Conflict in Collaborative Divorce

August 7, 2013

An unfortunate myth associated with collaborative divorce is the idea that the process only works with divorcing couples that are experiencing little to no conflict or discord in their relationship.  While it is certainly true that people who are in  a tremendous amount of conflict to the point that they are completely unable to negotiate in a reasonable way even with the support of the mental health coach, the collaborative divorce attorneys, and the financial neutral, then the process cannot work.  While virtually all divorcing couples are experiencing some degree of conflict when they start the divorce process, I have found that most families do not find themselves in such an extreme situation.

Sadly, many (but certainly not all) divorce attorneys approach essentially all divorcing couples assuming the parties are in an extreme state of conflict and need the attorney to take over the case and make decisions for them (or work through the courts for the judge to make all of the decisions).  Even sadder is the reality that because most divorce lawyers are paid by the hour, the attorneys are financially incentivized to “stir the pot” with the parties, which often generates more conflict, which leads to a messier more expensive litigation process.  There is certainly a place for litigation in the small percentage of cases where one or both parties is mentally ill or where domestic violence is an issue, but there is a large group of families in the middle who could go with either collaboration or litigation who would greatly benefit by choosing the former.

I find in my collaborative divorce practice, that it is the higher conflict couples who actually benefit the most from using collaborative divorce.  The reason is that people in greater conflict are the very people who have the most to lose financially, emotionally, and in terms of time if they resolve the divorce through litigation.  Those higher conflict families are the folks who end up in years long litigation, running up many tens of thousands (or even hundreds of thousands) of dollars in attorney fees in the process.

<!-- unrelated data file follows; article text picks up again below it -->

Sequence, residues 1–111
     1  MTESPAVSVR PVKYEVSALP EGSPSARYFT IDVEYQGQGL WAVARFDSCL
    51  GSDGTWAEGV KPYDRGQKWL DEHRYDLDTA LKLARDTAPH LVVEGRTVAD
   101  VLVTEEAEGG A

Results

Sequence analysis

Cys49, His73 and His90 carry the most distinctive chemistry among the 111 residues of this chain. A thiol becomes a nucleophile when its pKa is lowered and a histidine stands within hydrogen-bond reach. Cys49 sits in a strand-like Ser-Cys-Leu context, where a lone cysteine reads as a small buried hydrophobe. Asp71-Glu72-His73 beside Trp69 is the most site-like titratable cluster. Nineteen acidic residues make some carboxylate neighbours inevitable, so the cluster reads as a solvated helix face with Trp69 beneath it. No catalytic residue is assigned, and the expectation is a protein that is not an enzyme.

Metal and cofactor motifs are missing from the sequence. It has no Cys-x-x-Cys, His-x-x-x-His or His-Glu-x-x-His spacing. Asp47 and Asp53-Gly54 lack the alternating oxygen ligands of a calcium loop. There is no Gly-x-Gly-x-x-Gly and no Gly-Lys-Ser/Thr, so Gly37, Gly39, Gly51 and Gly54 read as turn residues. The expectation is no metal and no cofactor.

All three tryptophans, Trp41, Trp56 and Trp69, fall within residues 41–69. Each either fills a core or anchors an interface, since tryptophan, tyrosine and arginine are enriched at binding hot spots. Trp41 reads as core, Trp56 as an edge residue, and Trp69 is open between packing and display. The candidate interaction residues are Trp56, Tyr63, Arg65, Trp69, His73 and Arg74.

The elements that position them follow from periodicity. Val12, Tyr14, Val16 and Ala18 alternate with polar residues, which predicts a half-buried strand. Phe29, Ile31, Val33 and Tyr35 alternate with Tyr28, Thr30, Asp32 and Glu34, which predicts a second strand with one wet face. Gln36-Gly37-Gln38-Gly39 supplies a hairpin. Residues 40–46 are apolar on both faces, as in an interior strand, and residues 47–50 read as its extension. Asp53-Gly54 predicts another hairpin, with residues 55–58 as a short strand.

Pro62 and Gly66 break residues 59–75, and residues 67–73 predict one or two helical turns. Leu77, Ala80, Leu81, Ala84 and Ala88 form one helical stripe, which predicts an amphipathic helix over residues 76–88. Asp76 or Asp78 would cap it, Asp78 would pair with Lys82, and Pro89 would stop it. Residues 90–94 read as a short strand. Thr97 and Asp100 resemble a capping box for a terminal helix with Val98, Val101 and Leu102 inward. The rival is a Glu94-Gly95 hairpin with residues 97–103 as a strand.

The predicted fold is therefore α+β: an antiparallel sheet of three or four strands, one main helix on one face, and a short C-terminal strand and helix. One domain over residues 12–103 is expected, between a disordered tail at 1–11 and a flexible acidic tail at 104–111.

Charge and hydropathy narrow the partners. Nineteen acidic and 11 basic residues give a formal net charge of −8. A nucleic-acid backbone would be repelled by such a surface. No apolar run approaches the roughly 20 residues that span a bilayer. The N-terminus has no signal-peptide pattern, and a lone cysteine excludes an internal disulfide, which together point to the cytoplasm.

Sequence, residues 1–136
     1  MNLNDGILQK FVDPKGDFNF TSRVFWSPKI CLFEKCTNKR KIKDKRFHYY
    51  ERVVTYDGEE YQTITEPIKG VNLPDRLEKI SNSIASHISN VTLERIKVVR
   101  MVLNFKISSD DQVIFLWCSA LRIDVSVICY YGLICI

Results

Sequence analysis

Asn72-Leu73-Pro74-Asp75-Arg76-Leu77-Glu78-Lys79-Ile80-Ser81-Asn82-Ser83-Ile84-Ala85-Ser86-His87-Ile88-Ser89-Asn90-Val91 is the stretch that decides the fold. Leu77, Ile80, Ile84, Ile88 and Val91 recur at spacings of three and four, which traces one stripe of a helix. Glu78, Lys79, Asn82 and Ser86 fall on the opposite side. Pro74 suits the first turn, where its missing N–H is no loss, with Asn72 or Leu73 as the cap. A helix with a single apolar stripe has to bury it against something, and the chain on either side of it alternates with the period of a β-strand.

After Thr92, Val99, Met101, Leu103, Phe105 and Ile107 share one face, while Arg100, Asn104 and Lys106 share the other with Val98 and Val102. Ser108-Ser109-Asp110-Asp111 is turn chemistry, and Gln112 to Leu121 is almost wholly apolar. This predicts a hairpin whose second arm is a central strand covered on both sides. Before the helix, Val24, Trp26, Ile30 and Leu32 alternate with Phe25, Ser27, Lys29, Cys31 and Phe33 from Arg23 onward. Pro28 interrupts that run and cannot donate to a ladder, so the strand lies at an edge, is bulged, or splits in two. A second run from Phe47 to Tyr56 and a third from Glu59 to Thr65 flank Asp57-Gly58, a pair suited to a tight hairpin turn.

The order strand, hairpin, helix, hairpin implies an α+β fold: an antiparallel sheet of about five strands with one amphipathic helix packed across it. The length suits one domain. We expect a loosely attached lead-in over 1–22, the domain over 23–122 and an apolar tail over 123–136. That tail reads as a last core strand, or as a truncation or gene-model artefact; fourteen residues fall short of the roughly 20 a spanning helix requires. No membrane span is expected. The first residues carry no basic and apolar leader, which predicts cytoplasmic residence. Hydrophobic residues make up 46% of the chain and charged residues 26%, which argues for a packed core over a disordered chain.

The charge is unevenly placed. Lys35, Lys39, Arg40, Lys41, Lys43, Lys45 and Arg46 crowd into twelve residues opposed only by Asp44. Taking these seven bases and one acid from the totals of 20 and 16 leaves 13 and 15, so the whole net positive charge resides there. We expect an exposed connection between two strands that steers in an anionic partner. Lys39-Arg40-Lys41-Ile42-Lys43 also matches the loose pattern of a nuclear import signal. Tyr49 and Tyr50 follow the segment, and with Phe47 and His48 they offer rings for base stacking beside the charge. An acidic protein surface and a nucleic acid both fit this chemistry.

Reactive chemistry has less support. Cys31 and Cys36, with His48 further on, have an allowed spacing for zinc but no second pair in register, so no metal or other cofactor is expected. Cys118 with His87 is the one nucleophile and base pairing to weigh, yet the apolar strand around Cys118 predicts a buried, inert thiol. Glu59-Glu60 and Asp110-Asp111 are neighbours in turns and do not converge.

Collaborative divorce takes those same couples who are at risk of a nasty divorce and helps them move in and through their conflict in a much more constructive way.  There are a number of specific ways that collaborative divorce more effectively manages family-related conflict than does litigation:

  1. No Court Intervention – The Participation Agreement for collaborative divorce spells out that if the parties decide they want to litigate rather than collaborate, both attorneys immediately withdraw from the case and the parties hire new litigation attorneys to start anew in that process.  So the parties are both financially and logistically incentivized to try and settle the case.
  2. Collaborative Divorce Attorneys – Lawyers who are trained in collaborative divorce understand that an important part of the process is the idea that they should minimize or eliminate threats and posturing from the collaborative process, which helps the parties contain their own reactivity rather than having the lawyers add to it.  In short, if the lawyers behave rationally their clients are more likely to do the same; if lawyers stir up anxiety the clients will become anxious.
  3.  Mental Health Coach – Collaborative divorce understands that in all divorces there is an emotional divorce that runs parallel to the legal divorce.  Rather than ignoring that reality, this process takes the bull by the horns and includes a   mental health coach on the collaborative team.  Coaches are licensed mental health professionals whose overall purpose in the process is to support the parties emotionally as they move through the divorce process and to be “keepers of the process” generally.  So they are continually working to prevent and manage conflict as it arises throughout the negotiations.

In sum, I frequently talk about the idea that the difficult part of a divorce ought to be the decision to get one.  Sometimes the divorce comes after many months or years of significant conflict.  For families experiencing a great deal of discord, collaborative divorce can be a way to move through a very difficult transition in a way that minimizes stress and positions people to be good co-parents to their children after the divorce is over.

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